Do you have less than minty-fresh breath? The culprit may be your medication.

Some drugs used to treat arthritis, including naproxen and ibuprofen, and conditions such as Sjogren’s syndrome are associated with dry mouth – a major cause of halitosis, aka bad breath.

“Halitosis is very common – and fortunately, very curable,” says Connie White, a dental surgeon and spokesperson for the Academy of General Dentistry.

Use these smart solutions to keep bad breath at bay:

Don’t let meals linger in your mouth. The single biggest bad-breath culprit is food stuck between the teeth and gums, says White. “It feeds mouth bacteria that produce sulfur – that’s the compound that creates a rotten-egg smell,” she explains. Floss at least once a day and brush your teeth and tongue after each meal, says Jacqueline L. Wolf, MD, associate professor of medicine at Harvard Medical School in Boston. No time to brush? Rinse your mouth with water after meals, advises White.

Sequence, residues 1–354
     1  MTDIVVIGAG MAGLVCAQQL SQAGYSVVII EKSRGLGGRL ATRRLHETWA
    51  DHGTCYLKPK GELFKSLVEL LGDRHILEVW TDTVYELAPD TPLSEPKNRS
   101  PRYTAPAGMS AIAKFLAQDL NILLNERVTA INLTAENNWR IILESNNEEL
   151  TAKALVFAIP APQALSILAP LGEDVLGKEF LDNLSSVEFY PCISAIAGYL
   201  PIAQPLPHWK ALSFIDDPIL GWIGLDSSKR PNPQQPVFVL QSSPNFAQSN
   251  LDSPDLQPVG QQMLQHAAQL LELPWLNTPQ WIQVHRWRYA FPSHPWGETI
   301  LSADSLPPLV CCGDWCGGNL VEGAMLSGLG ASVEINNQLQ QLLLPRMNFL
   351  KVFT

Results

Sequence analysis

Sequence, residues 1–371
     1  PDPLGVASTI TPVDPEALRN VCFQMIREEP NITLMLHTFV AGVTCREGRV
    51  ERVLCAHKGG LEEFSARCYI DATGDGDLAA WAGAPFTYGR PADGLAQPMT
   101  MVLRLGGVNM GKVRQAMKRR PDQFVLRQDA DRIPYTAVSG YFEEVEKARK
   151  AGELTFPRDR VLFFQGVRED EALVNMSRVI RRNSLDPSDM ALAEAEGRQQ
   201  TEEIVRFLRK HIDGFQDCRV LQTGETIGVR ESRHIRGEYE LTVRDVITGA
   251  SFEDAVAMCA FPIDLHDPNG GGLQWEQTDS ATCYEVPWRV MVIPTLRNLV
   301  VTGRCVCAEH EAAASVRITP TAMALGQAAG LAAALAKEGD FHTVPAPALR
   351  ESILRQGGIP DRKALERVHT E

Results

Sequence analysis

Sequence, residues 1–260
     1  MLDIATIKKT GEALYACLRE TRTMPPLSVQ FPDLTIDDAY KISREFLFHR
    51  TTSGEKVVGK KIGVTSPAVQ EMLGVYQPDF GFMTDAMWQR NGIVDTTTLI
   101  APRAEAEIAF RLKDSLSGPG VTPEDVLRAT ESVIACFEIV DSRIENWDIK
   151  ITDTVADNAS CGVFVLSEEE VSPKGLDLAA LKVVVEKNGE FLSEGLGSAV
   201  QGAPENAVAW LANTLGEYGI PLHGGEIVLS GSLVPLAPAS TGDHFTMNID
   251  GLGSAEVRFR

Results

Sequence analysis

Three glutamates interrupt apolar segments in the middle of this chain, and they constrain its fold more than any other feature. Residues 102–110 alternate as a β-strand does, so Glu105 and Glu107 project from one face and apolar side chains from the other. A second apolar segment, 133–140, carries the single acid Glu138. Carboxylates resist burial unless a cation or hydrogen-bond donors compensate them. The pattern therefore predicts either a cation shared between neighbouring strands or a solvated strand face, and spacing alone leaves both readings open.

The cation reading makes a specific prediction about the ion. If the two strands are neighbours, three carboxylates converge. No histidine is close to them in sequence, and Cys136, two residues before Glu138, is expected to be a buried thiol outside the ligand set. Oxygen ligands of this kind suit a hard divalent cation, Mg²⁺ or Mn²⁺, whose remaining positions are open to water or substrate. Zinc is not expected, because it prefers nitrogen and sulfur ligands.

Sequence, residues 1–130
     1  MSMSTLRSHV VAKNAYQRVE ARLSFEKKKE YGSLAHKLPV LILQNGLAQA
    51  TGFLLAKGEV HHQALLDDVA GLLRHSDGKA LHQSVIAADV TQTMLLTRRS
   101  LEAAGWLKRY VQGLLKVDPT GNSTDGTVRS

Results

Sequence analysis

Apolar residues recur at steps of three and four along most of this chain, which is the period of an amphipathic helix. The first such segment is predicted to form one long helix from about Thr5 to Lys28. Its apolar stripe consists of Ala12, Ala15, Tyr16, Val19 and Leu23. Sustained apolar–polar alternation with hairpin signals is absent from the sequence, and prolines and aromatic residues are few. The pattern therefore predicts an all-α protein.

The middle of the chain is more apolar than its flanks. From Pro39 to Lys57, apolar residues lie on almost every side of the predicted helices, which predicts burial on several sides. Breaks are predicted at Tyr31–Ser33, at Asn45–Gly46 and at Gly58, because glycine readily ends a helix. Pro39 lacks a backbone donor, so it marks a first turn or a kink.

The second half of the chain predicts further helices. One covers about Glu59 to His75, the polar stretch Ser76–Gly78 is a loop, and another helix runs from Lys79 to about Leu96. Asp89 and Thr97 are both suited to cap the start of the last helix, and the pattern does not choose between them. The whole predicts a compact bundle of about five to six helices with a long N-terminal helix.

Check your meds. Antihistamines, diuretics, antidepressants and other medications can contribute to dry mouth and bad breath. “Tell your doctor. He may adjust your dosage or suggest a replacement, especially if your dry mouth is severe,” says White. Drink lots of water, and consider chewing sugar-free gum that contains xylitol, which fights decay.

Read your mouthwash’s fine print. “Many mouthwashes have an extremely high alcohol content – up to 21 percent,” says White. “Alcohol is a drying agent, so although you get temporary fresh breath, you’re actually creating a bacteria breeding ground.” If you like to rinse, choose fluoride rinses labeled “low alcohol” or “alcohol-free.”

See your doctor. Tell your doctor about your breath; it may be a sign that something’s amiss with your health. Sjögren’s syndrome can cause dry mouth. Bad breath also can be the result of respiratory problems, such as sinusitis and bronchitis, gastroesophageal reflux disease, untreated diabetes, kidney failure or liver failure, says Dr. Wolf.

Steer clear of garlic and onions. They produce a number of sulfur-containing gases that can be excreted for more than four hours,” says Dr. Wolf. If they give you – or the people around you – trouble, skip them.